Global food prices rise  as a result of Russia’s invasion of Ukraine Global food prices rise as a result of Russia’s invasion of Ukraine  (ANSA)

Cost of living crisis: The poorest are suffering most

As the cost of living crisis continues to put a squeeze on people’s purse strings, the CEO of independent think tank Social Justice Ireland, Fr Seàn Healy, S.M.A., says a society will be judged by how it treats its most vulnerable.

By Lydia O’Kane, Dublin

“Global food prices rise to highest-ever levels.” “Consumers face souring energy.” These are just some of the headlines people have been reading over the last couple of months, highlighting the dramatic rise in the cost of living.

According to the United Nations, global food prices rose to their highest ever levels in March as a result of Russia’s invasion of Ukraine.

These included the prices of staples including cooking oils, dairy, meat, and cereals.

The UN Food and Agriculture Organisation noted, “The higher price quotations are particularly concerning for countries already struggling with other crises, including conflict, natural disasters, economic conditions or, as it is often the case, some combinations of those.”

Addressing the current situation, the head of the International Fund for Agricultural Development (IFAD) voiced his concern over how the crisis in Ukraine could impact global food security.

IFAD President Gilbert F. Houngbo said, “Forty percent of wheat and corn exports from Ukraine go to the Middle East and Africa, which are already grappling with hunger issues, and where further food shortages or price increases could stoke social unrest.”

As rising costs put a squeeze on finances, in some instances, families are having to choose between heating their homes and essential items.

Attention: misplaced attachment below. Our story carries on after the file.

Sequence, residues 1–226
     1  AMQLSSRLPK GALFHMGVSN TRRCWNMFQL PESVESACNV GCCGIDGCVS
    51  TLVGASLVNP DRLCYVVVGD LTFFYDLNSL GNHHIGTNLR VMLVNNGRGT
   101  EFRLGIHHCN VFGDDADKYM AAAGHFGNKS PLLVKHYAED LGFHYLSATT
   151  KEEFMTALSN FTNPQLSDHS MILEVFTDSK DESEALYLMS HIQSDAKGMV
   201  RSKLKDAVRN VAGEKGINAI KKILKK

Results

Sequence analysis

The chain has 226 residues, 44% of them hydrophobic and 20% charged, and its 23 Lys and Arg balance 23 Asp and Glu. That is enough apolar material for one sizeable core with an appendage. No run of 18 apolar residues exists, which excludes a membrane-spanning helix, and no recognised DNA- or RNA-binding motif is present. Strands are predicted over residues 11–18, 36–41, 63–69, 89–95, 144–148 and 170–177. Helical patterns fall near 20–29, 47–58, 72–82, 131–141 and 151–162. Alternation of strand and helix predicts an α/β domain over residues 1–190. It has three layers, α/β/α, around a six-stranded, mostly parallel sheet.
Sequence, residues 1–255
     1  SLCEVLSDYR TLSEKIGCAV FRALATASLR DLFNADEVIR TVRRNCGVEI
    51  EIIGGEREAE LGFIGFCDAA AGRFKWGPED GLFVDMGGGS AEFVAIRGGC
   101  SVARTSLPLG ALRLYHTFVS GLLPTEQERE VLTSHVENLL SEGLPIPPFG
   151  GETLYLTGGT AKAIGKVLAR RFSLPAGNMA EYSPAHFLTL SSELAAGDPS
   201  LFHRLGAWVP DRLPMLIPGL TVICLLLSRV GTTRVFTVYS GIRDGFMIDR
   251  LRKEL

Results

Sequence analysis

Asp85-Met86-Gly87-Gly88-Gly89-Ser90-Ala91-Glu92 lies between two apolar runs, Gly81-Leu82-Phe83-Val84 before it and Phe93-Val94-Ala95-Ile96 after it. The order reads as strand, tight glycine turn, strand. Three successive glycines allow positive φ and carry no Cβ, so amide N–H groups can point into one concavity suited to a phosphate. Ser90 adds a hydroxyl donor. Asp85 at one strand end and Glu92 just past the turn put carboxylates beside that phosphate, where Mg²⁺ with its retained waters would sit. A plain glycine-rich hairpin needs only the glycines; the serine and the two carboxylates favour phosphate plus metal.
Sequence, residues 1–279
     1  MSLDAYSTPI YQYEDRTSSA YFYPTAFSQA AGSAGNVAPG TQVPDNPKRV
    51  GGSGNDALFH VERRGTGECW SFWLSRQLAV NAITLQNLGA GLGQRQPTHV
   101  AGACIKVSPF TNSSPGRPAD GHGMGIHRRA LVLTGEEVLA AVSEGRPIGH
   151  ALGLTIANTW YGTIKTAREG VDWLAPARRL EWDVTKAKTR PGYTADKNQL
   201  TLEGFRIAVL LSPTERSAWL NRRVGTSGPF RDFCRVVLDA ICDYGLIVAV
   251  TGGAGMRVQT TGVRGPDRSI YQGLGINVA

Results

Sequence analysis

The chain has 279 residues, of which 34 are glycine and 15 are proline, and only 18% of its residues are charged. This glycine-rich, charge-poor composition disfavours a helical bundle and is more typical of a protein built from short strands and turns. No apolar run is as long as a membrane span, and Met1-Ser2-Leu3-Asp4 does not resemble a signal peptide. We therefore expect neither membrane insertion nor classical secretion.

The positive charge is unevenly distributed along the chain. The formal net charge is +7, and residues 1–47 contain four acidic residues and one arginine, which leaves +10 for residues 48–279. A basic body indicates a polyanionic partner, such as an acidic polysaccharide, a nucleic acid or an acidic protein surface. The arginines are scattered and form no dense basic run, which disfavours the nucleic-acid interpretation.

Factors impacting consumers

Fr Seàn Healy, S.M.A., is Chief Executive of the independent think tank Social Justice Ireland.

Speaking to Vatican Radio, he said factors such as the Covid-19 pandemic, an ongoing climate crisis, and now the geo-economic crisis caused by the Russian invasion of Ukraine have revealed “a very fossil fuel-based economic system that remains fundamentally unsustainable.”

This system is now having a knock-on effect on the lives of millions of people as they struggle to pay bills and feed their families. “Ordinary people are suffering because the cost of food has gone up, the cost of accommodation has gone up, the cost of fuel for their cars has gone up… And their wages have not been keeping pace with this,” Fr Healy said.

Listen to the interview

Poorest impacted most

According to figures from the European statistics agency, Eurostat, over 75 million people throughout Europe are officially registered as living in poverty. The Social Justice Ireland chief executive pointed out that 20 million of those are children.

“What you’re looking at is a situation where people didn’t have much leeway before the current crisis came along and before the cost of living started to rise. They were already living in poverty or else they were living on the edge of poverty,” he said.

Fr Healy explained that you now have a situation where the model that has been followed for quite some time is broken, and the social contract “between the citizen and the state is also broken.”

That means the State can’t provide the services the citizen expects as part of the social contract.

What is needed, said Fr Healy, is a new social contract and “basically we need to rethink how to organise ourselves in this context."

Helping those in need

Asked what governments can do to alleviate the challenges facing the most vulnerable, he said governments need to ensure as their priority that “those on the margins are protected from the current series of crises that society generally is facing.

“At the end of the day, a society will be judged by how it deals with and treats its most vulnerable”

With the cost of living rising sharply, Fr Healy said he does not see this increase changing any time soon.

“I think we’re in a situation, particularly given the Ukraine-Russia situation, and that has a huge impact on both fuel and because of the Russians providing a lot of the gas and oil that the world needs. But also because both Russia and Ukraine were huge exporters of food.”

The climate issue

He also said he envisaged huge challenges in dealing with the climate situation because of the mammoth effort needed to reduce CO2 emissions.

“Our planet is in serious danger and this has been very clearly stated by Pope Francis in his wonderful encyclical on the environment.”

Fr Healy went on to say that “it’s crystal clear to anybody who looks at the situation what needs to be done, and yet a lot of the governments are not doing it.” The commitments, he added, “are not on the scale of what is required to reverse the process that is happening at the moment in the destruction of the environment.” 

30 April 2022, 14:22